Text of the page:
Potency and spectrum of garenoxacin tested against an international collection of skin and soft tissue infection pathogens: report from the SENTRY antimicrobial surveillance program (1999-2004).Diagn Microbiol Infect Dis. 2007 May; 58(1):19-26.DM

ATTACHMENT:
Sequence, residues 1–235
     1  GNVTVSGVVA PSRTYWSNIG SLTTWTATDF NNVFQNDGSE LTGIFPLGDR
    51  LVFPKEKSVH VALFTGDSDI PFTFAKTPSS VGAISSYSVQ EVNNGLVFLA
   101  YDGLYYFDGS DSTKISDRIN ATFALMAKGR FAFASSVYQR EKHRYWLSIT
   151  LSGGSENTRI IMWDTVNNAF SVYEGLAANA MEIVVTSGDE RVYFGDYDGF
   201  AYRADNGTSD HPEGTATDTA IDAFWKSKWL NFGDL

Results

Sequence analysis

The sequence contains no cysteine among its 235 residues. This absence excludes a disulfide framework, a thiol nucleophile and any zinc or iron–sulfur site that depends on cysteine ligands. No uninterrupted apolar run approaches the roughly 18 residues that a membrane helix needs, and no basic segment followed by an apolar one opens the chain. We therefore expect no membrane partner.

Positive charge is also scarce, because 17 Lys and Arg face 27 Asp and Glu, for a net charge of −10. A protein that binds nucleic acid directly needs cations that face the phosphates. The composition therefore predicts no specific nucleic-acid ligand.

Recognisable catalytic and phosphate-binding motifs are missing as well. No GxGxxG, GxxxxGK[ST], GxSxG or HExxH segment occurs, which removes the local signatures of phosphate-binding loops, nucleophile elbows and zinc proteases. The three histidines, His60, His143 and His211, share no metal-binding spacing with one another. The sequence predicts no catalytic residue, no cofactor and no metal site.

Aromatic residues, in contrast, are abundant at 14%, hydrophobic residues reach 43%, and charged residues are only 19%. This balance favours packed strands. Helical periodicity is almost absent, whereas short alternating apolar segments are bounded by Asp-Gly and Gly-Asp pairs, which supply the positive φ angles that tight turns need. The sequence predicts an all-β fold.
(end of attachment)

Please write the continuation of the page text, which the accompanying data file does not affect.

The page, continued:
The spectrum and potency of garenoxacin, a novel des-F(6)-quinolone, against a large international collection (11723 strains) of Gram-positive and Gram-negative bacterial pathogens that cause skin and soft tissue infections (SSTIs) were evaluated for the years 1999 to 2004. Consecutive nonduplicate bacterial isolates were collected from patients with documented community-acquired or nosocomial SSTI in >70 medical centers participating in the SENTRY Antimicrobial Surveillance Program in North America (37.4%), Europe (26.7%), Latin America (16.7%), and the Asia-Pacific region (19.2%). All isolates were tested using the reference broth microdilution methods against garenoxacin, ciprofloxacin, levofloxacin, gatifloxacin, moxifloxacin, and representative comparator agents used for the empiric or directed therapy for SSTI. Ranking pathogens producing SSTI during these years included Staphylococcus aureus (42.8%), Pseudomonas aeruginosa (11.1%), Escherichia coli (9.0%), Enterococcus spp. (7.3%), Klebsiella spp. (4.8%), Enterobacter spp. (4.7%), beta-hemolytic streptococci (4.3%), coagulase-negative staphylococci (4.0%), Proteus mirabilis (2.5%), and Acinetobacter spp. (2.1%). Garenoxacin was the most potent agent tested against S. aureus and was at least 2-fold more active than gatifloxacin (MIC(50), 0.06 mg/L) and 8-fold more active than levofloxacin (MIC(50), 0.25 mg/L). Furthermore, garenoxacin was 2- to 8-fold more potent than the fluoroquinolones against beta-hemolytic and viridans group streptococci, as well as up to 4-fold more active against enterococci. Garenoxacin was largely comparable with the comparator fluoroquinolones against E. coli, Klebsiella spp., and Acinetobacter spp., but it is less active than these agents against P. aeruginosa. In summary, garenoxacin was documented to be the most potent quinolone when tested against key Gram-positive pathogens (S. aureus, beta-hemolytic streptococci, viridans group streptococci, and enterococci) and was similar in activity to these agents against other species (Enterobacteriaceae and Acinetobacter spp.). These in vitro data suggest that garenoxacin warrants further clinical studies in SSTI, especially against staphylococci and streptococcal pathogens.